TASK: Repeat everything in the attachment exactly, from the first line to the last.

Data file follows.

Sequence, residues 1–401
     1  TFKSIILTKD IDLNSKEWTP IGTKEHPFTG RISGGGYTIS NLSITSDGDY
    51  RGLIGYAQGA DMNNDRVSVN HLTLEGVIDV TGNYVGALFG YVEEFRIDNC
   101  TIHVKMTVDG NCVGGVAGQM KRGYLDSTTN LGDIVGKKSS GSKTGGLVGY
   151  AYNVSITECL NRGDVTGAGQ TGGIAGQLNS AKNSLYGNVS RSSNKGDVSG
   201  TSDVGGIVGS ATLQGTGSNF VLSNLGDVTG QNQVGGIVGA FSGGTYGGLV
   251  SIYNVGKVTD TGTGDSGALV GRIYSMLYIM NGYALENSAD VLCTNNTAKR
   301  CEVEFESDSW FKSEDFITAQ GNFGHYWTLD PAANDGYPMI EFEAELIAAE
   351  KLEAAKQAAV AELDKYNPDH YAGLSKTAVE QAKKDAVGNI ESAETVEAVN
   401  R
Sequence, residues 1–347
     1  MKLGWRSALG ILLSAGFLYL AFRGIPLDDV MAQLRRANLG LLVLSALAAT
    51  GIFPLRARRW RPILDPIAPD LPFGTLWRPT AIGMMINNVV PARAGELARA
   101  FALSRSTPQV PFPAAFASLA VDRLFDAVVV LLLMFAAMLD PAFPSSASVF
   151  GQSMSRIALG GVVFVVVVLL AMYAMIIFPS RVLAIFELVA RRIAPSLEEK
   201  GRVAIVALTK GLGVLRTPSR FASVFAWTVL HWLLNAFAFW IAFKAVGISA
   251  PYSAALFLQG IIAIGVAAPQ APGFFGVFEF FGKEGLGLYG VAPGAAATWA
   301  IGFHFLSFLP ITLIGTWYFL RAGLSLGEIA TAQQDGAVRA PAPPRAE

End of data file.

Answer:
Sequence, residues 1–401
     1  TFKSIILTKD IDLNSKEWTP IGTKEHPFTG RISGGGYTIS NLSITSDGDY
    51  RGLIGYAQGA DMNNDRVSVN HLTLEGVIDV TGNYVGALFG YVEEFRIDNC
   101  TIHVKMTVDG NCVGGVAGQM KRGYLDSTTN LGDIVGKKSS GSKTGGLVGY
   151  AYNVSITECL NRGDVTGAGQ TGGIAGQLNS AKNSLYGNVS RSSNKGDVSG
   201  TSDVGGIVGS ATLQGTGSNF VLSNLGDVTG QNQVGGIVGA FSGGTYGGLV
   251  SIYNVGKVTD TGTGDSGALV GRIYSMLYIM NGYALENSAD VLCTNNTAKR
   301  CEVEFESDSW FKSEDFITAQ GNFGHYWTLD PAANDGYPMI EFEAELIAAE
   351  KLEAAKQAAV AELDKYNPDH YAGLSKTAVE QAKKDAVGNI ESAETVEAVN
   401  R
Sequence, residues 1–347
     1  MKLGWRSALG ILLSAGFLYL AFRGIPLDDV MAQLRRANLG LLVLSALAAT
    51  GIFPLRARRW RPILDPIAPD LPFGTLWRPT AIGMMINNVV PARAGELARA
   101  FALSRSTPQV PFPAAFASLA VDRLFDAVVV LLLMFAAMLD PAFPSSASVF
   151  GQSMSRIALG GVVFVVVVLL AMYAMIIFPS RVLAIFELVA RRIAPSLEEK
   201  GRVAIVALTK GLGVLRTPSR FASVFAWTVL HWLLNAFAFW IAFKAVGISA
   251  PYSAALFLQG IIAIGVAAPQ APGFFGVFEF FGKEGLGLYG VAPGAAATWA
   301  IGFHFLSFLP ITLIGTWYFL RAGLSLGEIA TAQQDGAVRA PAPPRAE